Ivan: So if you were in attendance at Oktane last year in person, you might have seen us launch this product on the main stage to great fanfare, of course. So here we are one year later now, virtually, but we have a ton of adoption and a lot of learnings from how you, our customers have been deploying and using this product. And we've seen a lot of really forward thinking patterns emerge fully in line with what we've been talking about. These kinds of cloud first identity centric approaches to automation which is a great validation for us for building out this product, and also for the notion of shifting identity left.

Ivan: So just at a very high level, advanced server access delivers three key capabilities in this context. We're going to enable just in time passwordless authentication to Linux and Windows servers by SSH and RDP. We automate the end-to-end lifecycle of local server users and groups at scale with Okta as the backing source of truth. And then we have abilities to enforce fine grain, role-based access controls and command level permissions for strict, lease privilege access across your most critical infrastructure resources. But what this means for the business is really helping to enable velocity at scale. And really that's the primary business driver for adopting the cloud in the first place. And it's what gets us to that continuous innovation that everyone who's a practitioner is on the hook for.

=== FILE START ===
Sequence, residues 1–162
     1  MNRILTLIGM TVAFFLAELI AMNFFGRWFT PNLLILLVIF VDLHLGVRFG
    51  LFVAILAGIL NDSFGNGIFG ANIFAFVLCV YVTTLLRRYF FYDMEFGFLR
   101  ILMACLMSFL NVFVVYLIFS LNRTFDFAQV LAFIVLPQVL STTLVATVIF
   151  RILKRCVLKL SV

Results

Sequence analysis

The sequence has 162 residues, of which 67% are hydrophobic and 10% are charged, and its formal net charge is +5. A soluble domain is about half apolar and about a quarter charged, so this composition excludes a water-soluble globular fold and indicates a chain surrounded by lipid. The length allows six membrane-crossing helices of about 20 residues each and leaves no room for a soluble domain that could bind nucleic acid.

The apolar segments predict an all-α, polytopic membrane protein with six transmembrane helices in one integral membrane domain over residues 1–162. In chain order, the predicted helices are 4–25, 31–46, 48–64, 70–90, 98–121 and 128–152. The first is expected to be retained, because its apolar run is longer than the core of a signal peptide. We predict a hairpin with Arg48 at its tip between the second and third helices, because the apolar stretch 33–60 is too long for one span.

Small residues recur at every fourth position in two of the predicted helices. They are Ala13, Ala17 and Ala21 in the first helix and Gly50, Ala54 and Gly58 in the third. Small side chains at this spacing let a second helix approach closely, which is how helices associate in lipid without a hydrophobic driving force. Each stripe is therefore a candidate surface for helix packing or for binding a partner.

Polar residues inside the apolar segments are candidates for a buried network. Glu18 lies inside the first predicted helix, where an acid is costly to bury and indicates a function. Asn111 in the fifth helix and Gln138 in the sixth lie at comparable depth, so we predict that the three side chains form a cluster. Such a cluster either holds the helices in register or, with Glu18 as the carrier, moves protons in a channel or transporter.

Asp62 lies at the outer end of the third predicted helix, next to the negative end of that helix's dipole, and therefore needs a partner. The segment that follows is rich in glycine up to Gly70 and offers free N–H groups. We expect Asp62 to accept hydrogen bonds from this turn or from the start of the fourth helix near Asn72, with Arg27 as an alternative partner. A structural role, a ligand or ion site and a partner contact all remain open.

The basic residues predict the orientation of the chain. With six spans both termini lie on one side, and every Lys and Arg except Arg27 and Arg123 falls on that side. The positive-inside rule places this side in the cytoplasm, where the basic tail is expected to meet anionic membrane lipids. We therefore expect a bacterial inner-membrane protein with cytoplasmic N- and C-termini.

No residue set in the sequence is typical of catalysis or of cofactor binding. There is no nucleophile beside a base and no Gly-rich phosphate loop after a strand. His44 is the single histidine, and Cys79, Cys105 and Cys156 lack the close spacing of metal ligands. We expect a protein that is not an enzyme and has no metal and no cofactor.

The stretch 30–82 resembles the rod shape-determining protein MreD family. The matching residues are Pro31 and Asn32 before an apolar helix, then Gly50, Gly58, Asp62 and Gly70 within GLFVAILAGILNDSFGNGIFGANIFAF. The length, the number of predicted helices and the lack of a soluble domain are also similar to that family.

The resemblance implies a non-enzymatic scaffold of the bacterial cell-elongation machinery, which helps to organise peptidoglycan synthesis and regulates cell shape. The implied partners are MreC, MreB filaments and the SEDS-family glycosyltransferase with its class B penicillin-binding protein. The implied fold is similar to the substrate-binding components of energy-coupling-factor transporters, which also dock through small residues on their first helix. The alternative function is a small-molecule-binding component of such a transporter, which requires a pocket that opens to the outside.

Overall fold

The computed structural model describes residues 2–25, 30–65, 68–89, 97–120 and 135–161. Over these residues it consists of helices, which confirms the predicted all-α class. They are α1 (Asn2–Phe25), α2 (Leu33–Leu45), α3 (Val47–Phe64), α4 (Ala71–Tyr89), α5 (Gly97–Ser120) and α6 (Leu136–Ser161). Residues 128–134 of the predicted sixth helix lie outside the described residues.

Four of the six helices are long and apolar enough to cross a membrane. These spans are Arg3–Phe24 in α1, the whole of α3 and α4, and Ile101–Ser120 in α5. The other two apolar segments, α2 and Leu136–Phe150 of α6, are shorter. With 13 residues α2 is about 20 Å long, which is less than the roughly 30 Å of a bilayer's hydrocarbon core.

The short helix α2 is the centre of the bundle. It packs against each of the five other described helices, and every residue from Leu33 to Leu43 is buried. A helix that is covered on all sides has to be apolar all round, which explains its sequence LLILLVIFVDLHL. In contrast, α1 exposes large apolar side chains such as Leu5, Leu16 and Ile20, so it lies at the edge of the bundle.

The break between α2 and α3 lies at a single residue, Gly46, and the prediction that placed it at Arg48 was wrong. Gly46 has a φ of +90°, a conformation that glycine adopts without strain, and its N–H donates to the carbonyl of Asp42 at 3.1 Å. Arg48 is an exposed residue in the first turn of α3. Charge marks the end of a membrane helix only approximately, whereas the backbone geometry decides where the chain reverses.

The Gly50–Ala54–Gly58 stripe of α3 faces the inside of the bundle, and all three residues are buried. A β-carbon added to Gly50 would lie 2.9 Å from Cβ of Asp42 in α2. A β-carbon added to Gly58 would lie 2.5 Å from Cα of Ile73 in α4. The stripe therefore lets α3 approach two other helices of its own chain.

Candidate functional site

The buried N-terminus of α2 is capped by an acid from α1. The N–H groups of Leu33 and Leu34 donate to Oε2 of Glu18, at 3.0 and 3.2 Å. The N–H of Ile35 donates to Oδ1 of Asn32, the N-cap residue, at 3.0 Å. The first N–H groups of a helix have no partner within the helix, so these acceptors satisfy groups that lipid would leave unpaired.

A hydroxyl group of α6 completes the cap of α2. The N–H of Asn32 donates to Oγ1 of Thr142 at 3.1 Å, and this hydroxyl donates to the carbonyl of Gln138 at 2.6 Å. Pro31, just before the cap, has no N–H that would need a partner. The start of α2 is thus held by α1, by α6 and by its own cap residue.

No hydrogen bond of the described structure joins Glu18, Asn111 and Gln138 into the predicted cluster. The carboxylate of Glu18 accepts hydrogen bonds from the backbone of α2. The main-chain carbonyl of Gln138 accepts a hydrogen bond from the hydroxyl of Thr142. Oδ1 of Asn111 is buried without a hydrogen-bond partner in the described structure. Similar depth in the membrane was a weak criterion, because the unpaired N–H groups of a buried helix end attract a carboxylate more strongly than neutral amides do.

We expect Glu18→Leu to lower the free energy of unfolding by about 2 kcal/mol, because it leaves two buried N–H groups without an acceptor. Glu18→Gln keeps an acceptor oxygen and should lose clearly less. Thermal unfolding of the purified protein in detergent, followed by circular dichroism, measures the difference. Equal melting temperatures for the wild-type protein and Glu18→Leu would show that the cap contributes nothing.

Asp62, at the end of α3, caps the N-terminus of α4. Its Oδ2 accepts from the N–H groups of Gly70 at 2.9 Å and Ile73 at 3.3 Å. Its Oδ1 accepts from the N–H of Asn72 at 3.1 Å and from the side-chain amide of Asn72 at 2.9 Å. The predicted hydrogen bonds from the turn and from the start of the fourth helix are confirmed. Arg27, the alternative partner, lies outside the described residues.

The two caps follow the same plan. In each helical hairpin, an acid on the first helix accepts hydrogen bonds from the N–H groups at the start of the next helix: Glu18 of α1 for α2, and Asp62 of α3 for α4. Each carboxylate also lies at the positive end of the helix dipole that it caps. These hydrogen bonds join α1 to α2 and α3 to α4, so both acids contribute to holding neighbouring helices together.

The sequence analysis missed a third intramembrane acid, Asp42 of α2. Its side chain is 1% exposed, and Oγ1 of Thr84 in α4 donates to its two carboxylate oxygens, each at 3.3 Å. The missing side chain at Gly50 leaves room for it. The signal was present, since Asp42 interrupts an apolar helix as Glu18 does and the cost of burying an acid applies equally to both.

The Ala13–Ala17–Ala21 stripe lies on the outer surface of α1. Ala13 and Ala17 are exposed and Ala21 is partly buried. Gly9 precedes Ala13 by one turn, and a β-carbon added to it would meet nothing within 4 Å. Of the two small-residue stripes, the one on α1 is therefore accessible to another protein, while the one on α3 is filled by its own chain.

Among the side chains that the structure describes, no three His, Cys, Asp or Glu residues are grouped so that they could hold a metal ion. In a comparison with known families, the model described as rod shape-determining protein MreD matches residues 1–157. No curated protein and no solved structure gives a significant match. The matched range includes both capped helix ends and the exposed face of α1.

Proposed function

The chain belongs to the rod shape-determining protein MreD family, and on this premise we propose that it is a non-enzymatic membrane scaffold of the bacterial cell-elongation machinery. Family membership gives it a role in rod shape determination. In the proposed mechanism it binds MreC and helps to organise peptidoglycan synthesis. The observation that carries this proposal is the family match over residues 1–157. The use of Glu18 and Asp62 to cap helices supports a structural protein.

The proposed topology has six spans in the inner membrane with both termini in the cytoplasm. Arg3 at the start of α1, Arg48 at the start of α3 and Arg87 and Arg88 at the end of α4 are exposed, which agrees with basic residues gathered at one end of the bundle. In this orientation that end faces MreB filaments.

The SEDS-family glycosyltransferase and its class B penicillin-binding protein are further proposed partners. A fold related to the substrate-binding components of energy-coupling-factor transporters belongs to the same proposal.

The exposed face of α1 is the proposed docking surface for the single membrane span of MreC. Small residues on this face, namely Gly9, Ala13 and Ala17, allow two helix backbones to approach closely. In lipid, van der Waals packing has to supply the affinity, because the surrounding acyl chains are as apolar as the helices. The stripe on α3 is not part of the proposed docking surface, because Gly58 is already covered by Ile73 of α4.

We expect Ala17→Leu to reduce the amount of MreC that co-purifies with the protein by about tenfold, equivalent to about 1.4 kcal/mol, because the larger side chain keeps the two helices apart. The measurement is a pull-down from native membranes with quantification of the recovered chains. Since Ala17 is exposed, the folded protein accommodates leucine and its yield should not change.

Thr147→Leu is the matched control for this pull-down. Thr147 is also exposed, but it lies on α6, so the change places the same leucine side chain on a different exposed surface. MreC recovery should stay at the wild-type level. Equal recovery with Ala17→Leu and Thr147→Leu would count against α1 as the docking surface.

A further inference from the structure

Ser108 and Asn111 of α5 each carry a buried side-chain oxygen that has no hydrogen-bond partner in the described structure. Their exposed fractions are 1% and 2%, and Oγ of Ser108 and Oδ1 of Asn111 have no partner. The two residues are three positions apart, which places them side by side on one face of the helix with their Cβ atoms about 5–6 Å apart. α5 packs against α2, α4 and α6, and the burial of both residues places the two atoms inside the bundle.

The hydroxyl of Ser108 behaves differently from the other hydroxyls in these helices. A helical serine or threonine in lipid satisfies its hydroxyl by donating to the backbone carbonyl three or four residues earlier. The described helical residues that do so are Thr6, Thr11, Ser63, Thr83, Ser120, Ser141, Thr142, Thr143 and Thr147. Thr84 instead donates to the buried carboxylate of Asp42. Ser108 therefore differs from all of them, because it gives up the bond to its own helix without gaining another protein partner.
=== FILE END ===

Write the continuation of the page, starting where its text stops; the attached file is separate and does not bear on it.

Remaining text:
Ivan: But I now want to talk about how this actually works under the hood from a product perspective. So let's first look at the lifecycle automation. So automating identity and access in this context really means managing the end-to-end lifecycle of these accounts and policies across dynamic infrastructure resources. So when you spin up a new server on AWS, the right people have the right levels of access automatically, not after running some manual process or runbook after the fact, but automatically right when that instance spins up, and then when that instance spins down access is removed and everything is automated from a user group enrolled perspective.